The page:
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Scene of Jerusalem ramming attack.(Photo by: screenshot)
Comment: Tying the Jerusalem terror attack to the Elor Azaria affair
"You cannot expect a young cadet to operate like an infantry soldier at the scene of a terror attack if he was never trained to do so."
IDF Chief of Staff Lt.-Gen. Gadi Eisenkot saw the security camera footage that emerged after Sunday's terror attack in Jerusalem just like everybody else. He saw dozens of soldiers running to and fro, just not in the direction of the truck and the assailant.

The impression of soldiers running for their lives provoked a violent and hurtful discourse. One cannot ignore the difficult images on the background of the Elor Azaria affair, in which an IDF soldier was convicted of manslaughter last week after being caught on camera shooting a wounded and seemingly incapacitated terrorist who he claimed was still a threat. The voices tying the soldiers' alleged hesitation to shoot the terrorist driver to the Azaria affair came mainly from politicians and social media users.

What angers the IDF chief of staff most is that the reality on the ground is the complete opposite; on the ground, soldiers open fire, kill terrorists and neutralize terror scenes without hesitation or fear.

"You cannot expect a young cadet to operate like an infantry soldier at the scene of a terror attack if he was never trained to do so," an IDF source told me Sunday. And he's right. However, the images still fan the flames.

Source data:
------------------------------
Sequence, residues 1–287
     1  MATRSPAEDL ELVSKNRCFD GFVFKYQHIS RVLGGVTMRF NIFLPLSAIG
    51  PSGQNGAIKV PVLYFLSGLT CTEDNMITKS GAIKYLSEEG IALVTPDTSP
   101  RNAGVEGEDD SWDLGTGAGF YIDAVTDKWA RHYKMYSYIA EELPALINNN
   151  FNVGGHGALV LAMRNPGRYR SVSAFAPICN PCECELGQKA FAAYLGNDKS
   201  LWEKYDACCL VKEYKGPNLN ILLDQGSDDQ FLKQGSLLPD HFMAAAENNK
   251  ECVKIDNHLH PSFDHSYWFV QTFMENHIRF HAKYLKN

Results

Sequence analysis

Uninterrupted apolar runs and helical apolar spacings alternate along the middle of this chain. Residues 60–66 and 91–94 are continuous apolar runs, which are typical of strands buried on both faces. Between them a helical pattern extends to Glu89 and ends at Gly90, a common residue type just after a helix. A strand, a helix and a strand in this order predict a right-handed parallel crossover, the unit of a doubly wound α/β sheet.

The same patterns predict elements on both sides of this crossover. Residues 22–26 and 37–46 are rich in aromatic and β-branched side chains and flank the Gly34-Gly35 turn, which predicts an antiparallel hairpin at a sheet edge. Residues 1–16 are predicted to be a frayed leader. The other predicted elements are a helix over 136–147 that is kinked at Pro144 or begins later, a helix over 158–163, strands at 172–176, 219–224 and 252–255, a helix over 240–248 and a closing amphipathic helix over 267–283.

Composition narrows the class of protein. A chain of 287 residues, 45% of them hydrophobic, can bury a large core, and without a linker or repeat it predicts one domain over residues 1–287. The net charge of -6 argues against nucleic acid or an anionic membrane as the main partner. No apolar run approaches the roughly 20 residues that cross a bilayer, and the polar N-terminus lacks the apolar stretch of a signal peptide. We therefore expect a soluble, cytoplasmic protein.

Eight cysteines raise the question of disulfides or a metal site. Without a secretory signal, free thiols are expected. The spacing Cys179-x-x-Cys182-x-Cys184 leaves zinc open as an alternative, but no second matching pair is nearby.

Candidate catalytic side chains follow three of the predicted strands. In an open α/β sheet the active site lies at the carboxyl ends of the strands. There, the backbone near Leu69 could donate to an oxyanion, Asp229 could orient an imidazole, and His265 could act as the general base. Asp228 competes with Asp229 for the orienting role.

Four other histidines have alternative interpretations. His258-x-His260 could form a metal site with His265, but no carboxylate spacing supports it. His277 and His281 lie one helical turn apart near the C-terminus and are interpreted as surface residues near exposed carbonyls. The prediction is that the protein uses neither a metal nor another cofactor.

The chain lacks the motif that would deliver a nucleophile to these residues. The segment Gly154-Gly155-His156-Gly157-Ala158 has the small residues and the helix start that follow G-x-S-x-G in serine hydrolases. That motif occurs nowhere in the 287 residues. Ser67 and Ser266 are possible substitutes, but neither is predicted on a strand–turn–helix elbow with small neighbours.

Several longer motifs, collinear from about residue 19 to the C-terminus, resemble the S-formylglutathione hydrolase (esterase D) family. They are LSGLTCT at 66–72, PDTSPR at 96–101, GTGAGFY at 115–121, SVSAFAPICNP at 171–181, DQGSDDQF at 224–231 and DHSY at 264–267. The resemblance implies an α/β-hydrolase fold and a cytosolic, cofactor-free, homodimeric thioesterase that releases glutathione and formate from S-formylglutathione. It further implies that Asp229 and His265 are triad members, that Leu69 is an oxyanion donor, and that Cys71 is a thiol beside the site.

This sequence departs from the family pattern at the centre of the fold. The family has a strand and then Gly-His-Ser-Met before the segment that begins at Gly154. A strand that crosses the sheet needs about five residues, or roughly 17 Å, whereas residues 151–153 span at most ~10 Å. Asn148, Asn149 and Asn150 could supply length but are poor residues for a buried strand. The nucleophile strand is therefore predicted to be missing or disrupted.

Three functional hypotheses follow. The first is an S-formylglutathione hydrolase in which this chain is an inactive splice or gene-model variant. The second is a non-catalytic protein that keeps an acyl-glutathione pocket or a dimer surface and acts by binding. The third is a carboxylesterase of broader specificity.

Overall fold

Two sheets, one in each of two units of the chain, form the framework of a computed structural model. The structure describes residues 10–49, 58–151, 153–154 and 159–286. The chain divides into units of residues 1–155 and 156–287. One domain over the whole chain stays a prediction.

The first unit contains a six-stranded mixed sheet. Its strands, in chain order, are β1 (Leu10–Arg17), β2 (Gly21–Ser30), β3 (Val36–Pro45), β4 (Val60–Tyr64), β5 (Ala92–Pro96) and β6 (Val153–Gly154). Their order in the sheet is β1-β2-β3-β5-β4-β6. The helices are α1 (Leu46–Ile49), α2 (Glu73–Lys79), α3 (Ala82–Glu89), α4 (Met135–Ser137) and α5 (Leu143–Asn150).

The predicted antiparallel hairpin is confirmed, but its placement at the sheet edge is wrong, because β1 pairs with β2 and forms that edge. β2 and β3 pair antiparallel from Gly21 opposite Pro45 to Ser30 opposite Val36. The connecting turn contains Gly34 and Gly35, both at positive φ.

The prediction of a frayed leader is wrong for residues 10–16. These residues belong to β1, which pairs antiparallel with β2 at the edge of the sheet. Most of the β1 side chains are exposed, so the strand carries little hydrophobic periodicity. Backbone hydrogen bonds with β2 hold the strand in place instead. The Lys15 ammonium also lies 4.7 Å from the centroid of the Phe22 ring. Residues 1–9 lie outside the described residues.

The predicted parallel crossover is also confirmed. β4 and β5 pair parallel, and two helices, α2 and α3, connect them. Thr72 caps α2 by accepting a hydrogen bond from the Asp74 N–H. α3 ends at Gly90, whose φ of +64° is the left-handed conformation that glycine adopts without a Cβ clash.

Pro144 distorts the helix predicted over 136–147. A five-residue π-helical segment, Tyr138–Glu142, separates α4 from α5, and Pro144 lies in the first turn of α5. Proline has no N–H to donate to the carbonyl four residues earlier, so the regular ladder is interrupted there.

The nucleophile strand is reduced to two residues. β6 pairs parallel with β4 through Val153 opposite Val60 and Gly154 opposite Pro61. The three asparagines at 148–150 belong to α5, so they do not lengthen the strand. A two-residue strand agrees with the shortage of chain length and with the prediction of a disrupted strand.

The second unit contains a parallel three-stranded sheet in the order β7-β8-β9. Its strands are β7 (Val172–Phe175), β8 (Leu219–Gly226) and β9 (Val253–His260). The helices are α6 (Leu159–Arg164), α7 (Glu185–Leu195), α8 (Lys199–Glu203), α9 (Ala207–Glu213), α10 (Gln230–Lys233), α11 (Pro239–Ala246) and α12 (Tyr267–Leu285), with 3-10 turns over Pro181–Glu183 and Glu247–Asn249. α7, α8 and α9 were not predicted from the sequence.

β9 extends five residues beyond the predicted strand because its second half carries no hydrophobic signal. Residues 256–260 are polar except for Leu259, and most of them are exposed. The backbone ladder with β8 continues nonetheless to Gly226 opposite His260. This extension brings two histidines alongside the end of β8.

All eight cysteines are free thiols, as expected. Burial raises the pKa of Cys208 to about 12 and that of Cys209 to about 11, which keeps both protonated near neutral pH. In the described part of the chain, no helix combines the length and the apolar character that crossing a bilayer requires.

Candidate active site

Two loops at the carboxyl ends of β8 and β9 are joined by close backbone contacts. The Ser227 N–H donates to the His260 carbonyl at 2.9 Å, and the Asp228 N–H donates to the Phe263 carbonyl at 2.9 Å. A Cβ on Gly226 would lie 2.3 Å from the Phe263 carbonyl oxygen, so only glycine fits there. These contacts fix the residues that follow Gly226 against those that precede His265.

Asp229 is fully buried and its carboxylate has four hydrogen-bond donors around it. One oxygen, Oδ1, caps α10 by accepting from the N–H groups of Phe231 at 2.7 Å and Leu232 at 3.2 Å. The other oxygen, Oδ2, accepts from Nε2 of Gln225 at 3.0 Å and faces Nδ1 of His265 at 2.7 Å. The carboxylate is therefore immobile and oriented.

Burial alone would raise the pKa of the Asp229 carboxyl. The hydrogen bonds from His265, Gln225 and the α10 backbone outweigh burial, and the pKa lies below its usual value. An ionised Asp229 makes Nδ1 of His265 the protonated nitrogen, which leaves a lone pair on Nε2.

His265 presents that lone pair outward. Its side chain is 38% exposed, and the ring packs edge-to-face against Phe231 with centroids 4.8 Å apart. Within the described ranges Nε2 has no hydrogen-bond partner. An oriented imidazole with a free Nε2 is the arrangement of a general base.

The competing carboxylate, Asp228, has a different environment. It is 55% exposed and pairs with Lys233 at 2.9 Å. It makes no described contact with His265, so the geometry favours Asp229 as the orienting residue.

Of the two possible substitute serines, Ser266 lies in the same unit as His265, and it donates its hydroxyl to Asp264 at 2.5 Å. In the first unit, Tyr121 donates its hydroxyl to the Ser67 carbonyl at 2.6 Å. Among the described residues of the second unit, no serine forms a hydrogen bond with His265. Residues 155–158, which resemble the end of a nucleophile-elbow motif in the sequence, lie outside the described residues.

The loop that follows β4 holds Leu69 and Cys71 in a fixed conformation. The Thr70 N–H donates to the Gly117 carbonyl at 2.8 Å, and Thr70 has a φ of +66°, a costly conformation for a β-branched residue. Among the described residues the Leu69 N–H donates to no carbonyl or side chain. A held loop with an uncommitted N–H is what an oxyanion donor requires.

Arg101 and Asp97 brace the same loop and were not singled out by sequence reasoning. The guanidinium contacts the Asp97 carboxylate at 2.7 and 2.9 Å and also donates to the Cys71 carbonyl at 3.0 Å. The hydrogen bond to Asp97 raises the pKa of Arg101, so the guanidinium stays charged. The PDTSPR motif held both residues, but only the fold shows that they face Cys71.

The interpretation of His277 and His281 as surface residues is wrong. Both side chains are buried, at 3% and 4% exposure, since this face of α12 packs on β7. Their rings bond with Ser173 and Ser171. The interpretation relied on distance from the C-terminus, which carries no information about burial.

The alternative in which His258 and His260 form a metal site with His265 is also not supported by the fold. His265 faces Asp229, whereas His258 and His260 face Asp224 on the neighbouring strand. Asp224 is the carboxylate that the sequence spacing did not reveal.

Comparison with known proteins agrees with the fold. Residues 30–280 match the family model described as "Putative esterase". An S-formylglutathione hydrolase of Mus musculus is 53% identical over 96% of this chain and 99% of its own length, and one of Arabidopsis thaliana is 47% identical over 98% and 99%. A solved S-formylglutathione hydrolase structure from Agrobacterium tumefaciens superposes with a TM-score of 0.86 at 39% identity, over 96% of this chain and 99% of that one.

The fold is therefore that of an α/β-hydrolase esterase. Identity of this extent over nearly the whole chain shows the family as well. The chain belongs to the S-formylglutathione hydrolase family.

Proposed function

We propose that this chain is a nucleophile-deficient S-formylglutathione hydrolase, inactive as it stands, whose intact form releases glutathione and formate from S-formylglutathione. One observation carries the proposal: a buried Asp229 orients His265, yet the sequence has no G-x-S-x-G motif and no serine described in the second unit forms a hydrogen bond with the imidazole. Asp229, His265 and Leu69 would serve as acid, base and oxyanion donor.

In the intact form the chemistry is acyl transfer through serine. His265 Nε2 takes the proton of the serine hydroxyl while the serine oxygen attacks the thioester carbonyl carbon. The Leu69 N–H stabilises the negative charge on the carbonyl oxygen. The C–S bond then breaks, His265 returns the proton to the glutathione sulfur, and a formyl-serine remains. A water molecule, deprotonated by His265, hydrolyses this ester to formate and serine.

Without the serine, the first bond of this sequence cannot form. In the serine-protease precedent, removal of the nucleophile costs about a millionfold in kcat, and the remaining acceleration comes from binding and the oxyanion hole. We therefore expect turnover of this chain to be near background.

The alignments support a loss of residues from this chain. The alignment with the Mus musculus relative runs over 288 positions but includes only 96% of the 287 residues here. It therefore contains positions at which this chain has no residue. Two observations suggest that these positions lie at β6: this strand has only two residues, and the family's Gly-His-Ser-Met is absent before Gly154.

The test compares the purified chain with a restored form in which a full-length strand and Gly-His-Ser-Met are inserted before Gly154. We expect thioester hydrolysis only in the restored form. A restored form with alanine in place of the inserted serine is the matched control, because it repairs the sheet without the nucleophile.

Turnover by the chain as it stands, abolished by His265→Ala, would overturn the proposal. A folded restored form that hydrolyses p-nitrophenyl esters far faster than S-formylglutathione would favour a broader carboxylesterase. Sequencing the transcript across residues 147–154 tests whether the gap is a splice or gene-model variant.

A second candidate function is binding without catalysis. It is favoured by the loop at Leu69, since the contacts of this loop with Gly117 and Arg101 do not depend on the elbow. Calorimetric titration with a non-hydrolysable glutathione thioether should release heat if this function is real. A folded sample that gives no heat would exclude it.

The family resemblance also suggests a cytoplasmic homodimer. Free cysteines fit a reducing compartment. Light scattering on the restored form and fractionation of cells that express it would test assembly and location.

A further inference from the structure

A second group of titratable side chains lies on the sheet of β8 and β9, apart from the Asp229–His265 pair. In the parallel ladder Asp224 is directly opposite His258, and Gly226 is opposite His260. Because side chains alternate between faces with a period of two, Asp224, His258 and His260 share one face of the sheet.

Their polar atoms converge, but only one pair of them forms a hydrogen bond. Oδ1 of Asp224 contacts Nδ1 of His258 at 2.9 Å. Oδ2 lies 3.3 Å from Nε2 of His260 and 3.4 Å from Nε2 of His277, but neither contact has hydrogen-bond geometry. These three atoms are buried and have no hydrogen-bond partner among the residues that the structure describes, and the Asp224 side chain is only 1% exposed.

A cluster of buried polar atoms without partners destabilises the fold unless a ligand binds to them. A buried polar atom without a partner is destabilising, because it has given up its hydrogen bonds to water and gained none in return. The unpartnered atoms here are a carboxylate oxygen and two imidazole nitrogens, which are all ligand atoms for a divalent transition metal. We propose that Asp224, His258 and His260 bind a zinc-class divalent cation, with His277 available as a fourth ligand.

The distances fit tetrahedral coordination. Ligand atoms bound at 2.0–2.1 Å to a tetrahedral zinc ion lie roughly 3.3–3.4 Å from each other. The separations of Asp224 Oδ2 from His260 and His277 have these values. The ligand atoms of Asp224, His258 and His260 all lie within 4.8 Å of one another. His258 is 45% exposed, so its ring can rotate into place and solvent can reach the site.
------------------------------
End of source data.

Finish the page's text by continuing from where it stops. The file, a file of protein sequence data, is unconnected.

In 2016, IDF soldiers killed 84 terrorists; 79 terrorists in Judea and Samaria and another five terrorists on the Gaza border. In the past year, IDF soldiers neutralized and wounded 874 terrorists; 757 of them in Judea and Samaria and another 117 on the Gaza border.

The security camera footage may suggest hesitance among the soldiers, however, the numbers show that IDF soldiers do not hesitate. Testimony from soldiers who were at the scene of Sunday's terror attack also does not suggest a fear to open fire. "The moment I realized it was a terror attack, I put in a magazine and fired at the terrorist," the cadet, "T," said Sunday.

The hero of the day, Eitan Rond, who killed the terrorist, told Army Radio that he thought the soldiers avoided confronting the terrorist because of the Azaria affair. His comments were inappropriate, wrong, judgmental and besmirched the good name of combat soldiers in the IDF. Rond struck twice on Sunday: the first time he struck heroically against the terrorist - and the second time he struck a sensitive and exposed nerve in the IDF. The IDF continues its refusal to recognize the Elor Azaria effect.

The violent discourse on Sunday surrounding the question of whether there is or isn't an Azaria influence proves that the IDF is not reading the correct map. Perhaps the numbers show that the IDF is not hesitant, however reality shows that it is very vulnerable.
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